On Thursday night the second Palestine Circus Festival opened in Istiklal Park in Ramallah.
The festival, titled ‘United for Freedom’ runs until the October 6 and involves around 200 national and international participants.
The opening night saw the XY company from France perform their show ‘Its Not Yet Midnight, a show about balance and perfection and thus becomes one about imbalance and instability.
A large crowd welcomed the event, with seats sold out and further tickets sold as standing room only.
Amongst the crowd were Palestinian officials, a representative of the European Union and representatives from international and local cultural and artistic organisations.
The European Union Head of Cooperation, Alessandra Viezzer, told Maan news agency “circus has long been a strong tool for self-expression, entertainment and storytelling around the world. It brings all people together, whether young or old.
“Today, we celebrate the opening of remarkable performances from Palestine and Europe, Viezzer added.
The EU believes that culture is the best vehicle for the people and their narrative. This is why we support culture in Palestine: to tell the Palestinian story.”
The festival is touring 32 locations that include Jerusalem, Ramallah, al-Bireh, Nablus, Hebron, Bethlehem, Jenin, Tulkarm, Birzeit and refugee camps, as well as the Gaza Strip, and Amman, Jordan’s capital.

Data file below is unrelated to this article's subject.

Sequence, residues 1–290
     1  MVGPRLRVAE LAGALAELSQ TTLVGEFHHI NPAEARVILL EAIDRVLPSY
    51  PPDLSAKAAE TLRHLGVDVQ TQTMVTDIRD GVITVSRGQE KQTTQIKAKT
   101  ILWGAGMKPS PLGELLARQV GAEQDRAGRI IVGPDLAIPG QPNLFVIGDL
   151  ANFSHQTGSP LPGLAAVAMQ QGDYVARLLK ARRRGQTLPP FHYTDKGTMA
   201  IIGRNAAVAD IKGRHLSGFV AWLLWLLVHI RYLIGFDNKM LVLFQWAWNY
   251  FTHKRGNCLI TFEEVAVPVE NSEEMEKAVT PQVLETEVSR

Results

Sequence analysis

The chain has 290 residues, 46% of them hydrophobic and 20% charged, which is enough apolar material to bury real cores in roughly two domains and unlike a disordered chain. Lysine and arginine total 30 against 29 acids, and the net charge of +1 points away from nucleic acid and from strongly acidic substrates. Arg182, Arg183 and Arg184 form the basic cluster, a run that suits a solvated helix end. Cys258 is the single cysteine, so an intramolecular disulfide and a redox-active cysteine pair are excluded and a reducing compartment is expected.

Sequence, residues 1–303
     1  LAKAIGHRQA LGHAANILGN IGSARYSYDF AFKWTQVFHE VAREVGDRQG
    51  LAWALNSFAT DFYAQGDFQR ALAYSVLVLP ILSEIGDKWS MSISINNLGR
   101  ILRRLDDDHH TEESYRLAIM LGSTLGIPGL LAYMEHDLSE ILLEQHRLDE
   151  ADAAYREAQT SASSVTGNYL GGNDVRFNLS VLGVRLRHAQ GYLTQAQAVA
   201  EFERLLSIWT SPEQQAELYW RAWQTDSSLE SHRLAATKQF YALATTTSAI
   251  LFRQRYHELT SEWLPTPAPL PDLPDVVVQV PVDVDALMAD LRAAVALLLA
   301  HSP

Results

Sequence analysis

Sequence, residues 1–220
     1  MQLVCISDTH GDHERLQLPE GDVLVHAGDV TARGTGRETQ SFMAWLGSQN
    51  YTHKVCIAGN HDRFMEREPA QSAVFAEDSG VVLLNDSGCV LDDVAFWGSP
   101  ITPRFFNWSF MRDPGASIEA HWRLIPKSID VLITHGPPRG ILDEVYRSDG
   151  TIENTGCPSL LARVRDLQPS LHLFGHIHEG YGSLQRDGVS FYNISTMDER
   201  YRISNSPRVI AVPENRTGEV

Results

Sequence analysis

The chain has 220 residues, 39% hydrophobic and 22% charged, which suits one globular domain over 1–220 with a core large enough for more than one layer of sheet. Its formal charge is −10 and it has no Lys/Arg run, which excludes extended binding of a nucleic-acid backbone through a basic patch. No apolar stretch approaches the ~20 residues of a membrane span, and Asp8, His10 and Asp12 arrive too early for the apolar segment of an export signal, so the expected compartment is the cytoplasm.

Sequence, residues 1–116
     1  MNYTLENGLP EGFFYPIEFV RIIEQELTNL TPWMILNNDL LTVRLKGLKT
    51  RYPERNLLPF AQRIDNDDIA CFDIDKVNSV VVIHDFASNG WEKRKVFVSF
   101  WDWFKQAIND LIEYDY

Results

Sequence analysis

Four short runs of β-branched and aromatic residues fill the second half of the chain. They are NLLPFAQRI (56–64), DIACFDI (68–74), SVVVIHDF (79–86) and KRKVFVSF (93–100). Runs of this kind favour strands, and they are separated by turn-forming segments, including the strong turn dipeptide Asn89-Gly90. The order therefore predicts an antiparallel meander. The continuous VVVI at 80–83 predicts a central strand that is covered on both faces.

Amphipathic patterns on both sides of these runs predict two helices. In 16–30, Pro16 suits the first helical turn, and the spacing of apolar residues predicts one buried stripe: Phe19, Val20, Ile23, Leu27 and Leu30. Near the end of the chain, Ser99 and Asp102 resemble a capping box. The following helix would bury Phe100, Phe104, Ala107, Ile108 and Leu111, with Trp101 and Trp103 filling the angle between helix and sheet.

Performers come from the Palestine Circus School, the Nablus Circus school and also international circus troupes hailing from France, Britain, Chile and Argentina.
Shadi Zmorrod, Founder and General directory of the Palestine Circus School spoke to Palestine Monitor about the special place this festival has for its global guests.
It’s important for internationals to come here and see the conditions in which we live under as Palestinians and that we are still able to create circus and make people laugh and be amazed.
Zmorrod spoke about these conditions and how it can cause problems whilst organising the festival.
First we had some people get denied, and that’s a part of our daily life in Palestine, we get denied. We were also forced to cancel our event for tomorrow as we weren’t granted permits for the show in Jerusalem.
But the show must go on, and the last festival was able to deal with these issues.
Zmorrod explained the last festival had one circus group from Kenya denied entry, and another from Morocco received their permits on the last day of the festival.
Making the best of the situation, the festival last year was extended and an additional six shows were performed around the West Bank and Jerusalem, after receiving permits.
In a press release, the Palestine Circus School stated “the festival aims at strengthening the social and physical creativity of Palestinians and to unite their talents with international groups under the circus arts.
The Palestine Circus School also aims to to integrate and enable performers to highlight Palestinian identity and culture.
The Palestine Circus school is a non profit organisation started in 2006.
The first Palestine Circus Festival was in 2016, celebrating 10 years of the school running.
Zmorrod describes the event as a success, and plans for the festival to be held every two years from now on.
Source: Palestine Monitor